This week’s live music has been local, very alive and joyful. And a bit mad.
On thursday we arrived at St. James Wine Vaults in time for a second set by Welsh Trombonist Gareth Roberts. The Jazzhouse trio were in attendance as ever and led a zany dance by Mr. Roberts. Blue Monk appeared at both ends of the set accompanied by theatrics the first on trombone and the finale on vuvuzela – it IS possible to get more than one note out of the beast! In between time we saw Gareth’s tender side on a lovely understated Bye Bye Blackbird in which he played a muted flugel horn and plenty of evidence of his capacity for swinging and bop chops.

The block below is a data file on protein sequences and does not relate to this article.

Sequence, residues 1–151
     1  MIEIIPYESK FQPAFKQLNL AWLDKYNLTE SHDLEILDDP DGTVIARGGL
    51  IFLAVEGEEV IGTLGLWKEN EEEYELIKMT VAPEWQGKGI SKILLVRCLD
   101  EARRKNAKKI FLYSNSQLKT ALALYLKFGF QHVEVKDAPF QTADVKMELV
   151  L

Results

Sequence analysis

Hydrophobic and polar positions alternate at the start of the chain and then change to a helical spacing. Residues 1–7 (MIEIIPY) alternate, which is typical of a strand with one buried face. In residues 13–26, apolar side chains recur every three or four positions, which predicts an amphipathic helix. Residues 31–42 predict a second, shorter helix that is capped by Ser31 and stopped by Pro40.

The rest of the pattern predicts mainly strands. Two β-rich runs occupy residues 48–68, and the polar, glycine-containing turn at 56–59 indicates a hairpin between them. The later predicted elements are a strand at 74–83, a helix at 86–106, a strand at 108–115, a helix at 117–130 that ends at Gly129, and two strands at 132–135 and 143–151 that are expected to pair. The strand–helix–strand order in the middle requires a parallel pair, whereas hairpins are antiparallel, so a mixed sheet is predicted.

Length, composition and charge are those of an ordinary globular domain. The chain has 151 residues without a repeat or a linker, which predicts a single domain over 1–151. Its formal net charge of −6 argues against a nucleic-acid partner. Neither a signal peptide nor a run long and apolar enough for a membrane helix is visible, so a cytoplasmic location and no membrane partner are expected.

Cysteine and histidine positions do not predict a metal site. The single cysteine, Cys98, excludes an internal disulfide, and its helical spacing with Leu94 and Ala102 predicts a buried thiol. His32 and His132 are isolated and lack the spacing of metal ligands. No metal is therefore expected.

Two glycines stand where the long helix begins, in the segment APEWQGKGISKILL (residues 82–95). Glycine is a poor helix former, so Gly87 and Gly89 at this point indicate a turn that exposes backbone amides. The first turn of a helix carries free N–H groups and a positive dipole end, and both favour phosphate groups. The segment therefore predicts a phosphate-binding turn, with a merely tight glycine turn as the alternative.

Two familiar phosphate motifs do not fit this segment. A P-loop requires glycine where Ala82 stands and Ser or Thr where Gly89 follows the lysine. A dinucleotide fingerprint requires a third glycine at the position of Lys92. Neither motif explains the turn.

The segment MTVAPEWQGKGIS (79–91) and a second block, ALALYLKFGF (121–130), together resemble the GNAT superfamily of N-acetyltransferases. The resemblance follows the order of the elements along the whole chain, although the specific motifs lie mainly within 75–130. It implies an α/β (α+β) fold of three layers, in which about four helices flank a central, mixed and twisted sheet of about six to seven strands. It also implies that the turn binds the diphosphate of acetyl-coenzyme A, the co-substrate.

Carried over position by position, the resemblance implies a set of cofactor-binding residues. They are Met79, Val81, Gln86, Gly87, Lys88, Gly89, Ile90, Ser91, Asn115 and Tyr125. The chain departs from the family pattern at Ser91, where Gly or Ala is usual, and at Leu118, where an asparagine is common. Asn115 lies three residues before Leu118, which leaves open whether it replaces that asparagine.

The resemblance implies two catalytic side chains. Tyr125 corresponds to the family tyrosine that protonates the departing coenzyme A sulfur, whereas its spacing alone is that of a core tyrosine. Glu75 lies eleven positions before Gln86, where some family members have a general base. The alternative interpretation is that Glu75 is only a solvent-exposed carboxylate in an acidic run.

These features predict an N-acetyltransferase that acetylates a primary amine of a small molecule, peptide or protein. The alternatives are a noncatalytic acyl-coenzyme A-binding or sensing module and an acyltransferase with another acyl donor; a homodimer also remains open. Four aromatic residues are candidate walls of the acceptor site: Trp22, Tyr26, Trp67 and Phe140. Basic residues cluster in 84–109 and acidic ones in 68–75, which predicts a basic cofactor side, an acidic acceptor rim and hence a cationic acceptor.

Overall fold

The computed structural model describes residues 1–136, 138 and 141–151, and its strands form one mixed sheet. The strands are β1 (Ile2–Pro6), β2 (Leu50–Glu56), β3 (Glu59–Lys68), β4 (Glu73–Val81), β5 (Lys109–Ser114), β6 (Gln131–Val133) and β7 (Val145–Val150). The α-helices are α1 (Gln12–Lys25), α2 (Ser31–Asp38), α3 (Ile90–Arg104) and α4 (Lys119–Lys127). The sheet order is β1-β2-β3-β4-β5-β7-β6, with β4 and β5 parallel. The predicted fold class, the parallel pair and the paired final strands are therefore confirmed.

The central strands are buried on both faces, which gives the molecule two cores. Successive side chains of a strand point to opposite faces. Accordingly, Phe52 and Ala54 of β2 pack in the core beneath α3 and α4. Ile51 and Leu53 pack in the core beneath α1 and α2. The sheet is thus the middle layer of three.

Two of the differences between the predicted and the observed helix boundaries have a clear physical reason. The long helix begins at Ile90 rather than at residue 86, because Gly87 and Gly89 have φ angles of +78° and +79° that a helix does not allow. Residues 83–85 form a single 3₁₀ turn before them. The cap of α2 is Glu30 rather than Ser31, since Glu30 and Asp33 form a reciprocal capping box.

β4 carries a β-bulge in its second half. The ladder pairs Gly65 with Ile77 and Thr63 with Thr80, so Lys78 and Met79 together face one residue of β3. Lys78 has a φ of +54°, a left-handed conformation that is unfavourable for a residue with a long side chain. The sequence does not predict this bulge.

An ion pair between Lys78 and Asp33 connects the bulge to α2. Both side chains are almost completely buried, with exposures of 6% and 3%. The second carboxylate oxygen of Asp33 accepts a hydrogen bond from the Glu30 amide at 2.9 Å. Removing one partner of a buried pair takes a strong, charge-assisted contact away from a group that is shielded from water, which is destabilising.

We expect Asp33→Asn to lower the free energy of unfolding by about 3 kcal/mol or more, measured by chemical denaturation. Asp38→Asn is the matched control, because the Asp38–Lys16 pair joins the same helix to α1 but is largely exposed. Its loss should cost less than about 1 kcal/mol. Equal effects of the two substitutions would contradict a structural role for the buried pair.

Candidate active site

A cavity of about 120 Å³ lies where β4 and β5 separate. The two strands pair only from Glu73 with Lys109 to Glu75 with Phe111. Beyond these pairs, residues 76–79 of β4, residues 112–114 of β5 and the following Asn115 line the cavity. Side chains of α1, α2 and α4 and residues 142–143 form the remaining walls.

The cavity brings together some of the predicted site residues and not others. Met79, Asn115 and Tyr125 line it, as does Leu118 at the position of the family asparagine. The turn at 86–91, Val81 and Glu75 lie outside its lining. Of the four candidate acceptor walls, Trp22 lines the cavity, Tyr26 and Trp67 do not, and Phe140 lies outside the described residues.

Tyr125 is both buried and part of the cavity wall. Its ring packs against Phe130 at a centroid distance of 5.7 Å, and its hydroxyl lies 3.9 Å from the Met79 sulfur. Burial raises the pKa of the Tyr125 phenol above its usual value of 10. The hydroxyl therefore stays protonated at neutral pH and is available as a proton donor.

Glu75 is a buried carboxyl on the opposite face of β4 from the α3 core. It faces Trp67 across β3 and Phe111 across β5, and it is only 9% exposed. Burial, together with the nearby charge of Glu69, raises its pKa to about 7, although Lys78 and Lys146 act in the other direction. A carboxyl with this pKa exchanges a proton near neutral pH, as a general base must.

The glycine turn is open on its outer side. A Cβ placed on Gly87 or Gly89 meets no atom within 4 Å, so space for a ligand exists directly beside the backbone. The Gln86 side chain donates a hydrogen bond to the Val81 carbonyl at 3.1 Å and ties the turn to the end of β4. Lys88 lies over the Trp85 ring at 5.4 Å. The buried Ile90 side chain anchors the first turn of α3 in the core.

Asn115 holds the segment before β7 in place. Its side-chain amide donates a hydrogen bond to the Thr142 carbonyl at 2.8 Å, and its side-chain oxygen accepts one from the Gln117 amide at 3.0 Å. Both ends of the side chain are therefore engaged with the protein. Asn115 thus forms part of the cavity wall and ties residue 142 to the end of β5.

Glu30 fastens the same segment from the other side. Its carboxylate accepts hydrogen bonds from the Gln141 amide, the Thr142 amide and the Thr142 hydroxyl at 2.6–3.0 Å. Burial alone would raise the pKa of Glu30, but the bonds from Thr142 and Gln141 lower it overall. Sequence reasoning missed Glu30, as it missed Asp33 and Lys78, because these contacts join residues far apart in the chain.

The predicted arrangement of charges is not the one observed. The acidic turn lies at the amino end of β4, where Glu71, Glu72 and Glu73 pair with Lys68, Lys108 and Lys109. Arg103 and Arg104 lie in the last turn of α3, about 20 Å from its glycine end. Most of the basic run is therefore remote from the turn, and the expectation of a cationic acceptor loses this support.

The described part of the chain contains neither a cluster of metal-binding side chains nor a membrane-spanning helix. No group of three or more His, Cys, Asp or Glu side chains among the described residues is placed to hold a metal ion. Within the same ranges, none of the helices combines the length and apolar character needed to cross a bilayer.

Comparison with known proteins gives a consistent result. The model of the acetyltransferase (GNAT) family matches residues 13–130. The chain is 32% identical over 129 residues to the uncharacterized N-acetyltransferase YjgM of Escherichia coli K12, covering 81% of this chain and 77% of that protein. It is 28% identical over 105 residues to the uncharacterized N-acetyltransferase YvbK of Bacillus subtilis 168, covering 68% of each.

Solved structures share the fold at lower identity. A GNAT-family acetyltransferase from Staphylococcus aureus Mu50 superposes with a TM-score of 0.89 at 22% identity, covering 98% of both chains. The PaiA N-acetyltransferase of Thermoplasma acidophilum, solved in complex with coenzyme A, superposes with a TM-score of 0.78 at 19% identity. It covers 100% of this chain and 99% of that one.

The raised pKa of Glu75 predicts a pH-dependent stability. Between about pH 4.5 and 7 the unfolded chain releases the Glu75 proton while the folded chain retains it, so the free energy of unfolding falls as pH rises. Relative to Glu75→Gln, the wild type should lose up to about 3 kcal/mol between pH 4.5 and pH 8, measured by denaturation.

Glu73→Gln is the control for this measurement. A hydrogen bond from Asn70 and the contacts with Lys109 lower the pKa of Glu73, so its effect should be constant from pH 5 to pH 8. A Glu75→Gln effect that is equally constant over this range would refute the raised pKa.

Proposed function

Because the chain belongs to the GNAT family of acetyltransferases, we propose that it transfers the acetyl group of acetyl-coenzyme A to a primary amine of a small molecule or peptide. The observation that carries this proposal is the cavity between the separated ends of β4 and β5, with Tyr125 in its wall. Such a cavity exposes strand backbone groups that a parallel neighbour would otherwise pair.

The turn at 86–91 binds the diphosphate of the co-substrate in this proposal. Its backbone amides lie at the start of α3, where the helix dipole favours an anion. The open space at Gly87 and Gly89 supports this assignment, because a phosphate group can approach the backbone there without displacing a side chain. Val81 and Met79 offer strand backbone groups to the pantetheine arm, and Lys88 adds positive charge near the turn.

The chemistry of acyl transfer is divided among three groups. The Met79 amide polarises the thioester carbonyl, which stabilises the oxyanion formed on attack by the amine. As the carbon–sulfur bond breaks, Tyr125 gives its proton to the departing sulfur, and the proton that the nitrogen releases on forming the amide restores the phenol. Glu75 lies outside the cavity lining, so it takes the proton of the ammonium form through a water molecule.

This evening saw us at St. George’s Bristol for the Reggae Orchestra formerly known as St. Pauls (now Bristol Reggae Orchestra) and as I looked round at the large portion of the audience either dancing in the aisles or singing along to ‘Three little Birds’ (or both) I had to marvel at the feat that had been pulled of. Here was a group of 40 odd people, all from the central area of Bristol, who were in the band because they turned up and joined (from experienced musicians to novices). Musical Director Norma Daykin has excelled in writing parts that enables them all to contribute to the lush sound and to groove along, whether they were still wrestling with their instrument or confident soloists. This community project has, I’m sure, transformed a few lives, brought a lot of people together and given me for one, an evening of first class, foot tapping, board stamping entertainment. Highlights? The squeals of delight and moderate ribaldry that greeted singer Richard Williams’ return to the microphone with a purred ‘.. here we are again’; that sing-a-long Three little birds and the roof raising encore with a dance ‘cutting’ contest in the front row. St. George’s has never seen the like! Check out the photos by duchess photographic